Saturday, September 03, 2005

Column on Privacy v.Anti-Individualism

Another Modern Liberal Confusion

Tibor R. Machan

It has long been a central criticism of classical liberal, liberal social
philosophy that it is too individualistic. Critics have coined the term
?atomism? for their complaint?philosophers such as Charles Taylor,
sociologists such as Amitai Etzioni, and others have followed in the
footsteps of the 19th century German political economist, Karl Marx, by
claiming that the classical liberal, libertarian outlook mistakenly
construes human beings as essentially individuals. These radicals have
held that our individuality is central to what we are. Marx?s famous
charge against capitalism, that it is alienating people in all kinds of
ways, arise from lamenting this idea.

The gist of the point is that classical liberals or libertarians
understand people to be self-directed, self-motivated to enhance and
develop their own lives by taking charge of it and not by depending
primarily, at least in adulthood, on others, on society, and on various
groups. As Marx put the idea, ?The human essence is the true collectivity
of man,? arguing that people really are parts of a larger whole?society,
humanity, family, you name it.

Yet, it is interesting that one of the major beefs of those, mainly on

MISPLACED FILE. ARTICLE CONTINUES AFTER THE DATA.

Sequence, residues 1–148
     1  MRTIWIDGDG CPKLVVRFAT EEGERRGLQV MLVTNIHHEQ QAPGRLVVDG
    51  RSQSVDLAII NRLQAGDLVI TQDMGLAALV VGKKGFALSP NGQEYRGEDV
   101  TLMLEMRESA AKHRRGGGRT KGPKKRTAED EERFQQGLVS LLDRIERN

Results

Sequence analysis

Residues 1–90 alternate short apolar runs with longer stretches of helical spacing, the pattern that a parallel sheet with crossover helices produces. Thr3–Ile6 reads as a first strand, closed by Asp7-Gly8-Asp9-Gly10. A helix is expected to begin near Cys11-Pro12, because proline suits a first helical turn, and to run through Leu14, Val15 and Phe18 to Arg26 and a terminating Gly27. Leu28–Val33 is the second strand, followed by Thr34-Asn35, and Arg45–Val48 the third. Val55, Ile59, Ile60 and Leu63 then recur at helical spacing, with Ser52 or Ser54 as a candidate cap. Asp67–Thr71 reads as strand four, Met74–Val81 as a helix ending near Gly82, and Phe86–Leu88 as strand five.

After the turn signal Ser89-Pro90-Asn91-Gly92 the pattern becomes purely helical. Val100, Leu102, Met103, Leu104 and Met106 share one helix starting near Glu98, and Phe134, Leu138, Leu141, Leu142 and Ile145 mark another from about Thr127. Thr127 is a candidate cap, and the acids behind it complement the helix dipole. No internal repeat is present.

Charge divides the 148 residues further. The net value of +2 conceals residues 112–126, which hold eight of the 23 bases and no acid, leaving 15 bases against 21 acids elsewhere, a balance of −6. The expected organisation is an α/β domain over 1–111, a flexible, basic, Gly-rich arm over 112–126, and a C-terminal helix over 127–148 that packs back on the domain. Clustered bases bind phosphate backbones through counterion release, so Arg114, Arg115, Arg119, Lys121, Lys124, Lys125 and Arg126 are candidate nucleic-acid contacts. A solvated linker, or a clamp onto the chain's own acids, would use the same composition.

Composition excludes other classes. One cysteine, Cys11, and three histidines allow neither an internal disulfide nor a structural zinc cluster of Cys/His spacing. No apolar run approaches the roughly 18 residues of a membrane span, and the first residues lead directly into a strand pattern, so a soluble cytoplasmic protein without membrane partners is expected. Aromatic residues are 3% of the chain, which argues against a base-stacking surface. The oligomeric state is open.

the Left today, who have sympathy with this outlook and, accordingly,
criticize individualism, is that the US Supreme Court does not recognize
privacy as a fundamental individual right. Be it in connection with the
abortion debate, homosexuality, or various civil liberties issues, the
critics of the conservative wing of the court?who are sympathetic with the
political Left?constantly stress the importance of the right to privacy.

Now if there is anything in the American political tradition that
encourages individual independence, the right to privacy?founded, in fact,
on that famous capitalist institution, the right to private property?is
certainly at the top of the list. If one is free to withdraw to one?s own
sphere?free to associate only with those one chooses as friends and keep
to oneself and be private rather than open himself or herself to various
groups and be public?that certainly would tend to make atomism a
possibility. (Classical liberals and libertarians, however, maintain that
this charge of atomism is bogus?the only thing they oppose is forced
membership in groups, not a great variety of voluntary associations among

This current championing of the right to privacy by the Left is by all